What this is all about?

Grameen means "rural" or "village" in Bangla, so literally this translates to 'Stories from the Village.' I travelled to Bangladesh in 2010 and did an Internship with the Grameen Bank and was amazed by the people there especially in its rural villages. The 'desh' and its people are an inspiration and will always have a special place in my heart.

Since then, I continually see how important villages are, be it in rural Bangladesh, or in urban core neighbourhoods in Canada. A strong village is what brings people together and welcomes newcomers and supports those in need. Villages are what I fight for and this blog is how I do it.

Tuesday, April 24, 2012


Apparently, I work in the "rough" east end of London. I don't just work there, it is in fact my job to promote the Old East Village! When ever I tell someone from London that I work there, the first thing I get asked is "Isn't that a bad part of town?"

Most of these people are students, often at Western University, who have never even been down to that part of the city. This preconception of the neighbourhood is likely formed by things they hear from their professors, classmates, the media and friends.

I guess I haven't quite been able to figure out how best to respond. All I know is that many of my favourite restaurants, stores and venues are all down there. And there is nowhere better to be on a Saturday morning than at the Western Fair Market. Part of it is what I mentioned in a previous post, it all depends on what you want to look for. If you go there for the unique tea shop or antiques and collectables, then you will certainly find them. But if you go looking for people loitering and vacant buildings then you will also see that. It is all up to you!

In the future ill go with:

"Have you been down there to see for yourself? Because you need to check where you get your information."

Also, check out my instagram picture album, I try and feature some of the neat things in London, many of which are in the Old East Village!


Thursday, November 10, 2011

Yes You Can!

It does not matter what others say, the truth is yes you can!

I am going to keep this short and sweet, because you have better and more important things to do than listen to other people telling you what to do. If you have read the title and these first three sentences then you have read enough, the rest is just me explaining myself.

I went to the City Symposium today and that was a slap in the face to re-awaken me. It reminded me of all the things that Graham Smith had been telling me the last two years in his classes. Enough with the pessimism, enough with the fighting between each other. Lets be optimistic, lets work together, lets help each other out.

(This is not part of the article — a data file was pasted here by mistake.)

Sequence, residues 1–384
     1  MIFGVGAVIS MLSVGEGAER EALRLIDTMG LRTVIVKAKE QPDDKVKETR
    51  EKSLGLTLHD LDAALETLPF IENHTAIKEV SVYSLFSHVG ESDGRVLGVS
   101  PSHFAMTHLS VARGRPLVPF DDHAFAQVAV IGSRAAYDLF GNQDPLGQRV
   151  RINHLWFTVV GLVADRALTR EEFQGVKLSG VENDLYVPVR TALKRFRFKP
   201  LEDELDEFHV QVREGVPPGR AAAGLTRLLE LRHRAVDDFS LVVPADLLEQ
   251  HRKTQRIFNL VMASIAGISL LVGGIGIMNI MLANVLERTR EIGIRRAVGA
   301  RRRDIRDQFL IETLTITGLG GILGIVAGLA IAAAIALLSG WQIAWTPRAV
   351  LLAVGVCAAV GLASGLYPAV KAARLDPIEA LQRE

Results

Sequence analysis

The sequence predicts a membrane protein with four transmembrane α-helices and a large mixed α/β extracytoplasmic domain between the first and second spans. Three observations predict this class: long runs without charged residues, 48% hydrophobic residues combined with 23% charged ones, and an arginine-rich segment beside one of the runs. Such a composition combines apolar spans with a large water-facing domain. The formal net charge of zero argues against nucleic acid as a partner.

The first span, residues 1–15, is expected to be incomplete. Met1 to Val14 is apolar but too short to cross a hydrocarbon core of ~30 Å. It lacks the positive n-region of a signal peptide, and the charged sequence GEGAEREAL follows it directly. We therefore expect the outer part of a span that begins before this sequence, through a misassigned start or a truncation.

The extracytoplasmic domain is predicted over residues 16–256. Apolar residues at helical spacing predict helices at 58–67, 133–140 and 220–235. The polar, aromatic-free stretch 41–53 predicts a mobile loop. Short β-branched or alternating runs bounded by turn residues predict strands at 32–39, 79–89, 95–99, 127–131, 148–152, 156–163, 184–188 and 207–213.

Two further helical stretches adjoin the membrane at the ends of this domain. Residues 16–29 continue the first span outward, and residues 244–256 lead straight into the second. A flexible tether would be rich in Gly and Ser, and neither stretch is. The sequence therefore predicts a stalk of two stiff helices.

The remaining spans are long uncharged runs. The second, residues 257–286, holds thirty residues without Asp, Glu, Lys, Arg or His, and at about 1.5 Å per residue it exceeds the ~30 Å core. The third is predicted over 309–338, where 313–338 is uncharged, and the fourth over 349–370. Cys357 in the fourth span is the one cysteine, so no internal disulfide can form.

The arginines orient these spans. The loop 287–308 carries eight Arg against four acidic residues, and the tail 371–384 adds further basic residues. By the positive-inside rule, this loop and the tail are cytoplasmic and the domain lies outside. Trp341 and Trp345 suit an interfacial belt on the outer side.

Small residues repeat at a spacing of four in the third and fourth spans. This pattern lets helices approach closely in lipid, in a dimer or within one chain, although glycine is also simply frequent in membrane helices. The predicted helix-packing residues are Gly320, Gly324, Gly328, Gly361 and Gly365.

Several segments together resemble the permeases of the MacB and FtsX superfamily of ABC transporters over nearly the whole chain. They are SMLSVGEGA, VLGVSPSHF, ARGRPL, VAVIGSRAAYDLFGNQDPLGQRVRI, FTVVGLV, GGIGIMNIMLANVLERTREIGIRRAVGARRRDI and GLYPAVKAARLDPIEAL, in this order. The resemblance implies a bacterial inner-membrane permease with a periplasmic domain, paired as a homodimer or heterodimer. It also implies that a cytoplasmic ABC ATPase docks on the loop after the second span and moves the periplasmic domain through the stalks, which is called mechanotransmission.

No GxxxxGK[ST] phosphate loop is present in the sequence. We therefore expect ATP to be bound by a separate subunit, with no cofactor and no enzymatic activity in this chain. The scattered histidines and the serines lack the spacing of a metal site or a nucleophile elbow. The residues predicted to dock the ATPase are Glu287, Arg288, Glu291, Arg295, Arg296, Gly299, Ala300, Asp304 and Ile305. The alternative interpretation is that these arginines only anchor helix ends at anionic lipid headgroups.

I know I am just some idealistic kid who is ranting on his blog, but someone somewhere might read this and actually be motivated to do it. So if I give just a tiny push to get them on their way then I will be happy.

In light of some of the battles I heard about today at the Symposium mine seem like minor disturbances however my point still stands. I have fought through different organisations where we were told no we can't and why would you even suggest that. I work in a neighbourhood which has been told that no they can't. But at the end of the day we did get what wanted in a different way, but we got it. And good things are going on where I work.

Its all about the attitude you have. Have an open mind, be innovative, the more we share, the more we have. You can do it!


Sunday, October 23, 2011

The Occupy Movement, Systems and Arts and Culture

Couple Questions:

I have been busy lately and have not had much time to put together a coherent post. But there are a couple things I am struggling with right now:

The occupy movement: I get it, 99% vs 1%, but what is camping outside of banks going to do? There are more productive ways to get things done. This leads in to my second issue:

Systems: A mentor to me made the point that systems are great at collecting resources to keep the system going, and they are good at protecting themselves from losing those resources. The people who have the resources that the system needs to continue benefit, while those who do not have the resources, are pushed aside.

I know that one person benefiting does not mean that others are being pushed down, but no attempt is being made to help them start to benefit more. We need to create new systems, which represent and collect resources for those who are currently excluded. They need to be able to sustain themselves, while supporting those who need it, and still be able to rival the existing systems. It is a big ask, and I don't know how to do it. the resources of the 1% might be immense, but so are the resources of the 99%. So there needs to be a way to pool all that, and create a significant impact.

Arts and Culture: The Arts and Culture community is, almost by definition, incredibly varied. That is its greatest asset and also its greatest weakness. No one wants bands who all sounds the same, or artists which paint the same picture. However, this differences also mean that every creative person has different ideas, different priorities, different audiences and different needs. This makes it almost impossible for arts and culture to pool their collective influence and importance so that they can have a stronger voice.